Bing-Neel syndrome (BNS) is a rare complication seen in patients with Waldenström macroglobulinaemia (WM), in which lymphoplasmacytic lymphoma cells colonize the central nervous system. In this retrospective multi-centre study, we present the clinicopathological features, imaging findings, therapy, response and outcomes of 34 patients with BNS. The median time from WM diagnosis to BNS diagnosis was 3 years, 15% of patients were diagnosed with BNS at the time of WM diagnosis, and 22% of patients developed BNS when responding to active treatment for WM. Patients with BNS presented with variable clinical features including limb motor deficits, change in mental status and cranial nerve palsies. The diagnosis was made using a combination of cerebrospinal fluid cytology, flow cytometry and detection of the MYD88 L265 mutation, and magnetic resonance imaging. The estimated 3-year overall survival rate was 59%. Of the survivors, 40% have evidence of pathological and/or radiological persistence of disease. Age older than 65 years, platelet count lower than 100 × 10(9) /l, and treatment for WM prior to BNS diagnosis were associated with worse outcome. Exposure to rituximab for treatment of BNS was associated with a better outcome. Multi-institutional collaboration is warranted to improve treatment and outcomes in patients with BNS.
Xu L, Hunter ZR, Tsakmaklis N, et al. Clonal architecture of CXCR4 WHIM-like mutations in Waldenström Macroglobulinaemia. Br J Haematol. 2016; 172(5):735-44 [PubMed] Related Publications
CXCR4(WHIM) somatic mutations are distinctive to Waldenström Macroglobulinaemia (WM), and impact disease presentation and treatment outcome. The clonal architecture of CXCR4(WHIM) mutations remains to be delineated. We developed highly sensitive allele-specific polymerase chain reaction (AS-PCR) assays for detecting the most common CXCR4(WHIM) mutations (CXCR4(S338X C>A and C>G) ) in WM. The AS-PCR assays detected CXCR4(S338X) mutations in WM and IgM monoclonal gammopathy of unknown significance (MGUS) patients not revealed by Sanger sequencing. By combined AS-PCR and Sanger sequencing, CXCR4(WHIM) mutations were identified in 44/102 (43%), 21/62 (34%), 2/12 (17%) and 1/20 (5%) untreated WM, previously treated WM, IgM MGUS and marginal zone lymphoma patients, respectively, but no chronic lymphocytic leukaemia, multiple myeloma, non-IgM MGUS patients or healthy donors. Cancer cell fraction analysis in WM and IgM MGUS patients showed CXCR4(S338X) mutations were primarily subclonal, with highly variable clonal distribution (median 35·1%, range 1·2-97·5%). Combined AS-PCR and Sanger sequencing revealed multiple CXCR4(WHIM) mutations in many individual WM patients, including homozygous and compound heterozygous mutations validated by deep RNA sequencing. The findings show that CXCR4(WHIM) mutations are more common in WM than previously revealed, and are primarily subclonal, supporting their acquisition after MYD88(L265P) in WM oncogenesis. The presence of multiple CXCR4(WHIM) mutations within individual WM patients may be indicative of targeted CXCR4 genomic instability.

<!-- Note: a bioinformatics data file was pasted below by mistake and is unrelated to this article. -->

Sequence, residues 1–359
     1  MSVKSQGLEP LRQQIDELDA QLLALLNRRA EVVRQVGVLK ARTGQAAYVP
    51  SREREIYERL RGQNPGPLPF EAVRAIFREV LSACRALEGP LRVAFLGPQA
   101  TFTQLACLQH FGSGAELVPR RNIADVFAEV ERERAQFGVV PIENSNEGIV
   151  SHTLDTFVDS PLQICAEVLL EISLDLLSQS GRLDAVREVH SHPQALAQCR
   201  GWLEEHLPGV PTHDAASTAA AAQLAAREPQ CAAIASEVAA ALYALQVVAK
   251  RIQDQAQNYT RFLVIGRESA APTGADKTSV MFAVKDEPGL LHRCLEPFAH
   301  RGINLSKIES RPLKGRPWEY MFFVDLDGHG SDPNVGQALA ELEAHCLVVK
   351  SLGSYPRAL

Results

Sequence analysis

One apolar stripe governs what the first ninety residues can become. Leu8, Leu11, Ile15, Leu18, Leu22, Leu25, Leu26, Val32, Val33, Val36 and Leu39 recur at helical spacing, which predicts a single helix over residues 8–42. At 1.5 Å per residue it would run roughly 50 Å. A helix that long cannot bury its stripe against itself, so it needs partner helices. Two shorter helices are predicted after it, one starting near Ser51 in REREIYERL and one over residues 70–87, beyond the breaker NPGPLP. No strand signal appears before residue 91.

Quest GR, Johnston JB Clinical features and diagnosis of hairy cell leukemia. Best Pract Res Clin Haematol. 2015; 28(4):180-92 [PubMed] Related Publications
Significant advances in the diagnosis and treatment of hairy cell leukemia (HCL) have recently been made. Improved distinction of HCL from its mimics though clinical presentations, morphologic and immunophenotypic features, and more recently molecular biology, has highlighted marked differences in treatment response and overall prognosis between these disorders. As our understanding of the unique pathobiology of HCL has grown, exciting new avenues of treatment as well as insight into immune function have been obtained. This review provides an overview of the clinical features and diagnostic attributes of HCL, with contrast to other mature B cell lymphoproliferative disorders with overlapping features.
Waldenström's macroglobulinemia (WM) is a rare, low-grade malignancy with no established standard of care. Rituximab regimens are most commonly used, supported by their efficacy in hematologic malignancies, including WM. A growing number of investigational regimens for WM have been evaluated in phase II clinical trials, including single-agent and combination strategies that include newer-generation monoclonal antibodies (ofatumumab and alemtuzumab), proteasome inhibitors (bortezomib and carfilzomib), immunomodulatory agents (thalidomide and lenalidomide), phosphoinositide 3-kinase/protein kinase B (Akt)/mammalian target of rapamycin pathway inhibitors (everolimus and perifosene), a Bruton's tyrosine kinase inhibitor (ibrutinib), and a histone deacetylase inhibitor (panobinostat). Other novel agents are in early-stage development for WM. International treatment guidelines for WM suggest suitable regimens in the newly diagnosed and relapsed/refractory settings, in accordance with patient age, disease presentation, and efficacy and safety profiles of particular drugs. These factors must be considered when choosing appropriate therapy for individual patients with WM, to maximize response and prolong survival, while minimizing the risk of adverse events. This review article provides a clinical perspective of the modern management of patients with WM, in the context of available trial data for novel regimens and recently updated treatment guidelines.
Kim HJ, Hur M, Kim H, et al. A Rare Case of Waldenström Macroglobulinemia/Lymphoplasmacytic Lymphoma with Light Chain Discrepancy between B Lymphocyte Population and Serum Paraprotein. Ann Clin Lab Sci. 2015; 45(5):593-7 [PubMed] Related Publications